We believe that the most interesting and necessary writing is emerging from a place that goes far beyond the traditional boundaries of nature writing or environmental writing. We believe that the kind of writing we need now is the kind of writing which delves deeply into the relationship between humans and the natural world, in these times of turmoil and ecocide. We need writing about authentic ways of living and being in a world whose systems and values are crumbling. Writing which inspires change, and which helps us to transform the stories we tell ourselves about the world and our place in it. Writing which gives us courage to defend a world in crisis. Writing which is fiery, feral, ferocious.
Sharon Blackie, Editor: EarthLines
I’m delighted to share that an article of mine has been published in the wonderful, soon to be, based-in-Ireland EarthLines magazine.
My article ‘Ecopornography versus the slow, deep art of place’ evolved from a blog post on this site and I want to thank several readers who took the time to comment on this article back then too. I had noticed EarthLines as a new magazine some years ago and thought at the time it was for real writers. While I enjoy blogging and I’m having to write academically for my art practice-theory phd I really don’t consider myself a writer, although hopefully after this tortuous thesis writing there has been some improvement.
So I was startled (and of course delighted) when EarthLines editor Sharon Blackie wrote to inquire about my blog post on ecopornography and ecocide versus slower, deeper forms of art practices that try to relate more sensitively to environments. The article in the EarthLines magazine is an extended version of my blog post and reflects more where my artful eco practice is heading now. You can buy a copy or subscribe to a paper or digital edition of EarthLines here (please note orders for the current issue will be cheaper for Irish residents when EarthLines is fully based here in the next month).
I’d also like to welcome Sharon and her husband David Knowles to Donegal in Ireland as from the next issue EarthLines will be Irish based!! Both Sharon and her husband David are fantastic writers, with extraordinary knowledge from other fields (Sharon spent several years as an academic neuroscientist/ psychologist and has since studied narrative psychology, myth- and storytelling; David is a former RAF Tornado pilot and a poet!). They are establishing a network of people who are creating thought-provoking writings, poetry and visual arts that relate honestly and courageously to the troubling times we are in. I’ve been following Sharon through her own writings and through what she shares on social media. A recent post by Sharon on the value of stories I could really identify with, in creating my own story of new resiliencies from Hollywood:
And we can see it now: the chipping away at the old meta-narrative, the different stories that some of us choose to live. It’s happening now, that transformation in the meta-narrative, and we’re a part of it. Group after group is springing up around the world – the non-defeatists, the groups that speak positively for change, for action, for getting out there and doing it differently – groups like Transition, like the Occupy movement, like Peaceful Resistance … gosh, so very many, and growing all the time. It’s happening already. But note this: we don’t change the meta-narrative by sitting around thinking up new stories. We do it by getting out there. By not only seeing in new ways, but living in new ways. By being the subjects for those stories. More than that – by being the stories. We ARE the stories. That’s how it’s always been. It’s part of the dualism that we’ve forgotten it, that we see the transformative myths and stories as something separate from us, that we can create – simply conjure up. It makes me want to weep. It isn’t like that at all. If we approach it in that way, we’re still in the old paradigm. We’re not understanding how stories work.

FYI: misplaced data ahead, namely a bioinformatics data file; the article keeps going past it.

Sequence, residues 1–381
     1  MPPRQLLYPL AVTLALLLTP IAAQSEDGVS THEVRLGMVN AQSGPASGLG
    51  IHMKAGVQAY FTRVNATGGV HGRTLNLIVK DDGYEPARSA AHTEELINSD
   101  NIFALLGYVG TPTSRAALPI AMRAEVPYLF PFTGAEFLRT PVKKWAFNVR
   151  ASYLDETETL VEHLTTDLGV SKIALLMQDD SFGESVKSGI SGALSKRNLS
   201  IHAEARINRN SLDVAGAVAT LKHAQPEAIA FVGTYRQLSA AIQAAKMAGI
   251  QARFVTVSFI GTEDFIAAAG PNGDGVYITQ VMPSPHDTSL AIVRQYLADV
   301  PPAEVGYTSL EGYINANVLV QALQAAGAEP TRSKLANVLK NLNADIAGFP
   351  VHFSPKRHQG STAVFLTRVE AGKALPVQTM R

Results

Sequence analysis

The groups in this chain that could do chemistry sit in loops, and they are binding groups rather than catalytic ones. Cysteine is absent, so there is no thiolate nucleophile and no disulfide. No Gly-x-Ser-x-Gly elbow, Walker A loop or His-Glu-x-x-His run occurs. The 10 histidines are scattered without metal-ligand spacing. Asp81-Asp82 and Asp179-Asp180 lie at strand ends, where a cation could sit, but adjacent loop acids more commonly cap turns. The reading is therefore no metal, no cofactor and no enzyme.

EarthLines is open for ‘fiery, feral, ferocious’ submissions too so I hope you check it out
On another front, some of you might recall that a year ago Hollywood was inspected as it is contributing forest research data to the Irish COFORD- Forest Council LISS (Low Impact Silviculture Systems) research project on Irish conifer plantations that are being transformed to continuous cover, non clearfell forest management systems.
Two journal publications have come out recently on the LISS project so its great to reflect how my own project, in a small way, is advancing new understandings in different fields. The joy of having an ecosophical emergent artful eco practice is that I can never predict beforehand what Hollywood will deliver next 😉 ).
Congratulations, particularly to lead author Lucie Vítková, who like myself is under-taking a PhD (in forest research) and also to foresters Paddy Purser, Pádraig Ó’Tuama (who came to inspect Hollywood with Lucie) and Áine Ní Dhubháin who is overseeing the work at UCD. I put the two papers from the Society of Irish Foresters Journal Transformation to continuous cover forestry; a review (2013) and The practice of continuous cover forestry in Ireland (2013) on the ProSilva Ireland website and they are free to download. They are academic but this is to progress this new form of forestry carefully in Ireland subject to Ireland’s own conditions.